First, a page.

LONDON – Five World Cup sponsors have written to FIFA’s executive committee demanding “independent oversight” of the reform process in their latest intervention that highlights concerns about their links to soccer’s scandal-battered governing body.
Sponsors were originally promised places on the FIFA reform committee. But instead of being invited into meetings discussing the overhaul of the organization, they have been offered seats only on an advisory board which is yet to be appointed.
The sponsors’ letter was sent from Adidas, McDonald’s, Coca-Cola, Visa, and Budweiser brewer AB InBev to FIFA’s ruling body ahead of meetings this week when a final slate of reform proposals will be discussed.
The reform panel was established following the indictment of soccer officials by American authorities for bribery but the sponsors appear to have reservations about its independence.
“We want to stress that we are calling on you to embrace change, implement reforms, endorse a long-term independent oversight approach and initiate the cultural change because we all want to see football thrive,” the sponsors wrote to the FIFA executive committee in a letter seen by The Associated Press.
The sponsors say “strengthening FIFA’s governance” is “just one step toward creating a credible future” of an organization currently under the temporary leadership of Issa Hayatou while Sepp Blatter is suspended.
“We want to emphasize to you the values and characteristics that we believe should be incorporated through the reforms,” the sponsors wrote. “Transparency, accountability, respect for human rights, integrity, leadership, and gender equality are crucial to the future of FIFA.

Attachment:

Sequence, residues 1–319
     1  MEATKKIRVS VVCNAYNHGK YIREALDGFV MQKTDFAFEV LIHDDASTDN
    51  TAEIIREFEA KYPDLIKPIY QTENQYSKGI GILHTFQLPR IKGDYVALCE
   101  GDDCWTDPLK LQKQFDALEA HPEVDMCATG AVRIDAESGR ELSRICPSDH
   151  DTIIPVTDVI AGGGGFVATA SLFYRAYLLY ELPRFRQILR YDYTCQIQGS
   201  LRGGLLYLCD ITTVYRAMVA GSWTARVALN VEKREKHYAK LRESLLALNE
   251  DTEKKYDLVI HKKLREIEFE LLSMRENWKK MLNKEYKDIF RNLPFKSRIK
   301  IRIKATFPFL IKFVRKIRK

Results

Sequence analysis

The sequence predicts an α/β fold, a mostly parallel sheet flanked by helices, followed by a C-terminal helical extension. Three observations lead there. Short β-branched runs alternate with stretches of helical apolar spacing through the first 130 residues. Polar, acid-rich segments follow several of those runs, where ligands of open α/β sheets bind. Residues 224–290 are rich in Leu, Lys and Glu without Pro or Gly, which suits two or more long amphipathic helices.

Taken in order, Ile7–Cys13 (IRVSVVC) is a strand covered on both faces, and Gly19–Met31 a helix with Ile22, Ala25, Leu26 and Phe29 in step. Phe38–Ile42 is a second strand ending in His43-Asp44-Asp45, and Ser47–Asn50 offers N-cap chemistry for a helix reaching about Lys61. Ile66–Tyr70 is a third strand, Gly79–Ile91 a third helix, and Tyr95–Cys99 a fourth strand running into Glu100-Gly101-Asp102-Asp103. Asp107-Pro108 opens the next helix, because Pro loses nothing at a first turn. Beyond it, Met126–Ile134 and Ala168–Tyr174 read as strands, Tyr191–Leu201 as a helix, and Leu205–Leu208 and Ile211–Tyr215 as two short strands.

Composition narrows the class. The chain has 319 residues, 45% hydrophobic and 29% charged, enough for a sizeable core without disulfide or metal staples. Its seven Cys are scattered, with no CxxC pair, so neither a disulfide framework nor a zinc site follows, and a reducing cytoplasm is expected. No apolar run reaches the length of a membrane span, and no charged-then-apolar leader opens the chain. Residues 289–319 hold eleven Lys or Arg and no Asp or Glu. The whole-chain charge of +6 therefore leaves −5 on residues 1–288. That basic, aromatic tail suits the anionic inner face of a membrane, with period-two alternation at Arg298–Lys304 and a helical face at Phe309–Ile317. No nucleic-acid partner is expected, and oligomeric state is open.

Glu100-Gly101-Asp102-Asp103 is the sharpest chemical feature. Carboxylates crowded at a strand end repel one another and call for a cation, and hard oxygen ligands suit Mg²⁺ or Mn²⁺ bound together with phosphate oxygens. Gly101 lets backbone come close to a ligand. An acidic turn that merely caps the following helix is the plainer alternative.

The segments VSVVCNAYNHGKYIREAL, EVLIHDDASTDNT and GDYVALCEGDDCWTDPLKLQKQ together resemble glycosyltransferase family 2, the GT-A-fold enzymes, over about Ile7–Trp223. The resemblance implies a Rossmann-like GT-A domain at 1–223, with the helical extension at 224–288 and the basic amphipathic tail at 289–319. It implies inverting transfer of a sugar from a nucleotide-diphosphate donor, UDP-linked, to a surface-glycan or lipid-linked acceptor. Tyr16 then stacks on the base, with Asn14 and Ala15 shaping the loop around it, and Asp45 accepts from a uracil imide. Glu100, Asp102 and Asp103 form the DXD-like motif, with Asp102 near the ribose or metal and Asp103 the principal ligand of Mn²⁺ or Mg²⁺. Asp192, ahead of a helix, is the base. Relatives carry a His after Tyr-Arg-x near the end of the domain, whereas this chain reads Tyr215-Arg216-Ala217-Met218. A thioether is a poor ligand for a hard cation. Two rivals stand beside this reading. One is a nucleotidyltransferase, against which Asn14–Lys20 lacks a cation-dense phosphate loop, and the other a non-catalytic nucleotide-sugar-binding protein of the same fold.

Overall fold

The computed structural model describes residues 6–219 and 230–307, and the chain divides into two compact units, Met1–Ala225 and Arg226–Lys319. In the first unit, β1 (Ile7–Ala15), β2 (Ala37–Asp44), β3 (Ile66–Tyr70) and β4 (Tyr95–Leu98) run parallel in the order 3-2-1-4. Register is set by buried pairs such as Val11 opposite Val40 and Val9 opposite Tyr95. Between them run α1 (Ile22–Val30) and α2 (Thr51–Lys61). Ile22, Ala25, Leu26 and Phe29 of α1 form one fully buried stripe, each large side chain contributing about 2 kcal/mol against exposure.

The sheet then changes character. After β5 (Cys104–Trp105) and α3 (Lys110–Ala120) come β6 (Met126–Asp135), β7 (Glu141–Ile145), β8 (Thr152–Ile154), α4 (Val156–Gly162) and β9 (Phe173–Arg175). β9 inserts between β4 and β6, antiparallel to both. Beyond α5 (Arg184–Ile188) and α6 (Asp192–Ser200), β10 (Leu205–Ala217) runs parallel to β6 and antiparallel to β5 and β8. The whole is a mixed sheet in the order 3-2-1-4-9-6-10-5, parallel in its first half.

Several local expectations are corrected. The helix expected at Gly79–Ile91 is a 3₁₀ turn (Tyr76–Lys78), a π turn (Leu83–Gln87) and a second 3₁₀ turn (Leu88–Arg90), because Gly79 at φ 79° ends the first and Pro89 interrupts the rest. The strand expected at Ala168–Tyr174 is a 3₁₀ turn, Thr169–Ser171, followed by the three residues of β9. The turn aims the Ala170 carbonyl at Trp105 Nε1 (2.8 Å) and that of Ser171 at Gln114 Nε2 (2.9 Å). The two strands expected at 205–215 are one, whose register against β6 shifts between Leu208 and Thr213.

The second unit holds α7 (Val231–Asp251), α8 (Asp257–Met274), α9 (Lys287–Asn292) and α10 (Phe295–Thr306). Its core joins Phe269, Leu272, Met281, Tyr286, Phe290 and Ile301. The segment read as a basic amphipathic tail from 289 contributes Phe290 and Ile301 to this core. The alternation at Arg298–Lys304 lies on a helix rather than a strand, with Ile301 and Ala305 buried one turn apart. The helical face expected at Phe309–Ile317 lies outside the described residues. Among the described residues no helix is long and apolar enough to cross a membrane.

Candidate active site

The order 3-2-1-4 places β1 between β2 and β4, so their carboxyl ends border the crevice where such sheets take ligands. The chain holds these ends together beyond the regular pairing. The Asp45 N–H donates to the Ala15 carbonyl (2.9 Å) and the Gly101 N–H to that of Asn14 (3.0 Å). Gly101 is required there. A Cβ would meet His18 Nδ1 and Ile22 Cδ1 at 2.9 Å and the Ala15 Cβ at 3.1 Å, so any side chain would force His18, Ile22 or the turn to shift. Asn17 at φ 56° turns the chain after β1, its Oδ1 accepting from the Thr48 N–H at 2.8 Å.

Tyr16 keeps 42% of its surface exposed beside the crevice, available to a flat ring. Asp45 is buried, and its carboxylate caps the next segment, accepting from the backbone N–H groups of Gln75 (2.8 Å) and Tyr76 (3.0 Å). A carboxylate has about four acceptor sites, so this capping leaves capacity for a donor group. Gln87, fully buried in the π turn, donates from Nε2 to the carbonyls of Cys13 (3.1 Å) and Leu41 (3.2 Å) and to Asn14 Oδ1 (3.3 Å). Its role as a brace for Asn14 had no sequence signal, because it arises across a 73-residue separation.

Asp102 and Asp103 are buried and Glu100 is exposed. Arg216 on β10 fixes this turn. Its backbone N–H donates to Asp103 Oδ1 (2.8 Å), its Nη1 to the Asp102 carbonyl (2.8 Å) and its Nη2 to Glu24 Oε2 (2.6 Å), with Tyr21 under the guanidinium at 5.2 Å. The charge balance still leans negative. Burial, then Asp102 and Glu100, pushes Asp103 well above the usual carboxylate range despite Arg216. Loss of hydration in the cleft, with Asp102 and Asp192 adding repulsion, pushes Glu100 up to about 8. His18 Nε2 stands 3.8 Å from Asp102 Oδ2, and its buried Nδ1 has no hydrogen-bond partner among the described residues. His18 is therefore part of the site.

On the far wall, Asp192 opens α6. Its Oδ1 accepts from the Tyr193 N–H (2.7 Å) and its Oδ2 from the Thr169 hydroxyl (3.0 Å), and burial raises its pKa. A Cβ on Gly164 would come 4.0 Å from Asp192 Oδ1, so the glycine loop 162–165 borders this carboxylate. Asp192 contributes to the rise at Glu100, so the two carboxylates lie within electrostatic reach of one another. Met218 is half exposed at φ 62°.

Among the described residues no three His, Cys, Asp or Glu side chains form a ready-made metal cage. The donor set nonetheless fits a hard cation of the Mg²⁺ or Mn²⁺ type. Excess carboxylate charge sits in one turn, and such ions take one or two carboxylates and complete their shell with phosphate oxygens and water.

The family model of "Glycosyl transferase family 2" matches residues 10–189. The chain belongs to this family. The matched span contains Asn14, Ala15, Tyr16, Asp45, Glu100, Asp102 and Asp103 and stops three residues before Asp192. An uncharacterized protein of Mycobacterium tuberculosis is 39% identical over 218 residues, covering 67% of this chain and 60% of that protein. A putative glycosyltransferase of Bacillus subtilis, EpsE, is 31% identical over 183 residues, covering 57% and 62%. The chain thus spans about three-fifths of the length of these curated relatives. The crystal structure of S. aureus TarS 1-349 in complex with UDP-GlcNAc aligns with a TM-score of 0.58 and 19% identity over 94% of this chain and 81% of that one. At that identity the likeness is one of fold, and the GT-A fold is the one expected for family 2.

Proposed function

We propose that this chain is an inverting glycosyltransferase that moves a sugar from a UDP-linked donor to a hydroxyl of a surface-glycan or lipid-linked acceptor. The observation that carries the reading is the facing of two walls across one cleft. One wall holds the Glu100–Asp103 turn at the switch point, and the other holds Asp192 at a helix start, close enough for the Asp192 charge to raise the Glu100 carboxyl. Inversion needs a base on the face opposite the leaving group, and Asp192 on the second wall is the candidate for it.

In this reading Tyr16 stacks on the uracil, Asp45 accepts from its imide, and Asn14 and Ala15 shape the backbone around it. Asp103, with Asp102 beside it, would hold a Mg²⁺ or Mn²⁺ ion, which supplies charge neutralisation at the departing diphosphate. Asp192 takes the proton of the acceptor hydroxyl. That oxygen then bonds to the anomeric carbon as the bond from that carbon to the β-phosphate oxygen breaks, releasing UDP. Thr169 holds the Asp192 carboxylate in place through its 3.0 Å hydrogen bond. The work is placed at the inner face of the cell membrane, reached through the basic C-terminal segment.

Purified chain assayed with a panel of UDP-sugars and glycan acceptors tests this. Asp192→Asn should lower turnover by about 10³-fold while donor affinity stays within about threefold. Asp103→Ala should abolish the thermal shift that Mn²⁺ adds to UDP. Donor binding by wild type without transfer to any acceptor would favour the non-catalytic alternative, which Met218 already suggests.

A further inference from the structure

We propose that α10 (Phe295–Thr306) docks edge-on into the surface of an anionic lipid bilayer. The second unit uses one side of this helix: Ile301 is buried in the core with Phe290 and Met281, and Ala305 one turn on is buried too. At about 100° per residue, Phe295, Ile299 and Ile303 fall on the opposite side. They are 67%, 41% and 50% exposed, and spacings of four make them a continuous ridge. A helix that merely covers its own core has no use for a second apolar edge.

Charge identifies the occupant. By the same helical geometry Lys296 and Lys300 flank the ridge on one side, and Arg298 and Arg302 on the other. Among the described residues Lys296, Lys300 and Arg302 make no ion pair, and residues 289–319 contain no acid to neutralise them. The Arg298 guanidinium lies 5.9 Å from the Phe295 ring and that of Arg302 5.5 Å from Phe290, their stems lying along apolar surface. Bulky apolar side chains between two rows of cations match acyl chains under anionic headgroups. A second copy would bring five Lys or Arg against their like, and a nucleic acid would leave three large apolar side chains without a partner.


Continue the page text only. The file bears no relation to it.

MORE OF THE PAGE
“Reforms can set the proper framework for these characteristics, but a cultural change is also needed. The culture change has to begin within FIFA and filter through to the confederations and FIFA’s football associations.”
Despite seeming sidelined by the reform talks, sponsors were praised by FIFA for “their invaluable contributions and efforts.”
“Our commercial affiliates will continue to play an important role in the reform process as it moves forward, and will help ensure the adoption and implementation of a comprehensive package of reforms,” FIFA said in a statement.
Blatter launched the reform process on June in a speech announcing his intended resignation. It was seen as a key move to show critics, including U.S. federal prosecutors, that embattled FIFA could change its culture and behaviour.
Former International Olympic Committee official Francois Carrard accepted FIFA’s invitation in August to lead a team that was to include two people picked by the sponsors to join 12 more nominated by FIFA’s six continental confederations.
That promise of two seats then became a pledge to give sponsors input in a five-member advisory board Carrard said he would choose to review his panel’s work.
However, the advisory board — seen as a safety net to give oversight by experts from outside FIFA’s “football family” — has disappeared from the process.
Carrard has never announced appointments or scheduled meetings in almost four months of working with FIFA.
Reform and anti-corruption ideas being agreed Thursday by the FIFA executive committee will be put to the congress of 209 member federations on Feb. 26, when the new president will also be elected. It is unclear what input sponsors had or will have before the congress.
“The actions you take with this first round of reform proposals will set the tone for the full Congress to get behind the reform process,” the sponsors wrote to the executive committee.
South Korean motor firm Hyundai Motor Group and Russian state-controlled gas company Gazprom are not signatories to the letter.
Sponsors and commercial partners contributed $1.6 billion of FIFA’s $5.7 billion windfall in 2011-2014, which encompassed the 2014 World Cup in Brazil.
AP Sports Writer Graham Dunbar in Zurich contributed to this report.